When Linda’s dog trotted into the room, Missi laughed. “Thumper!” she said. “I thought you were dead.” (Derek’s mother, they later learned, was also still alive.) On the surface, the two women didn’t seem to have much in common-Missi is grounded and easygoing, with a yin-yang symbol tattooed on her big toe, while Linda is a conservative Navy vet with a drawl that betrays her Texas roots-but they bonded over the absurdity of their shared situation.
He had hour-long phone conversations-ostensibly with his admiral, his faculty supervisor, or his daughter Sarah, three people who turned out not to exist-during which Linda could hear a voice on the other end of the line
The next day, Washington County police were at Linda’s house taking her statement when a delivery arrived, addressed to Rich Peterson. Linda handled the package gingerly; it felt like a missive from an alternate reality. One of the police officers told her she might as well open it: “It’s not like he’s a real person.” The box contained whiskey and chocolate and a sweet get-well-soon note from a woman whose return address was just a few neighborhoods away.
Linda texted Missi, who compiled a dossier of news articles documenting all of Derek’s misdeeds and dropped it off with the third woman, Joy (who asked to be identified by her middle name). That weekend, Joy stopped by Linda’s, and the two women split a bottle of wine, trying to piece together how they’d been taken so thoroughly. Joy, a 42-year-old IT director, had also met “Rich” on OurTime, in February. He’d told her he was a professor who volunteered at a homeless shelter downtown. (The women later found out that he had actually been living at the shelter before he moved in with Linda.) They’d dated for a few months, until “he started having just a ton of drama in his life,” Joy says. She broke it off with him but stayed friendly. On the Fourth of July, he sent her a picture of himself looking tan and happy, his arms around Missi and her kids on the boat that Linda had paid for. I bought a boat and took my sister and her kids out on it today, he wrote. My life has calmed down, want to try again? Joy decided to give him another chance. She later found that he’d stolen almost $8,000 worth of jewelry, her passport, and her birth certificate.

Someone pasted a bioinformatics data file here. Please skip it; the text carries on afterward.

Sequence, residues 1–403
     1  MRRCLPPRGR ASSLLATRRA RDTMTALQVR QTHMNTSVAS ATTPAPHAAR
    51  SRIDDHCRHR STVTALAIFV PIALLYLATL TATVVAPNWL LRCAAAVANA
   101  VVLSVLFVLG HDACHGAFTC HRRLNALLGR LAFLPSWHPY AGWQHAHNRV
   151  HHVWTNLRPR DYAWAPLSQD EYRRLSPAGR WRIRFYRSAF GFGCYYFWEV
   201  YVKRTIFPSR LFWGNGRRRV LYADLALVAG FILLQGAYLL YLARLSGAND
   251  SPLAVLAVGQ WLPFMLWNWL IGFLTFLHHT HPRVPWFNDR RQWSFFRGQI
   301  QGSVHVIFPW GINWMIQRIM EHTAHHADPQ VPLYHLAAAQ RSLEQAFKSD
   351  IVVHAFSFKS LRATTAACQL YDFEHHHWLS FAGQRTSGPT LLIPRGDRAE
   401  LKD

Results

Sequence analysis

The false life that Derek-it was still hard not to slip and call him Rich-had constructed for himself was thorough: He had a University of Minnesota email address and an ID card that allowed him to swipe into university buildings. He would FaceTime the women from UM classrooms between classes. He had uniforms and medals and a stack of framed, official-looking awards: a Purple Heart and a Silver Star, a seal Team One membership, a certificate of completion for a naval underwater-demolition course. There were just so many props bolstering Derek’s stories that even when doubts had started to bubble up, the women had repressed them-there’s no way it could all be fake, they’d told themselves. That would be crazy.
The three women’s conversations had another recurring theme: “We also knew there had to be more victims,” Linda told me.
A mericans love a con man
In his insouciance, his blithe refusal to stick to one category or class, his constant self-reinvention, the confidence man (and he is almost always a man) takes one of America’s foundational myths-You can be anything you want to be!-to its extreme. The con man, the writer Lewis Hyde has argued, is “one of America’s unacknowledged founding fathers.”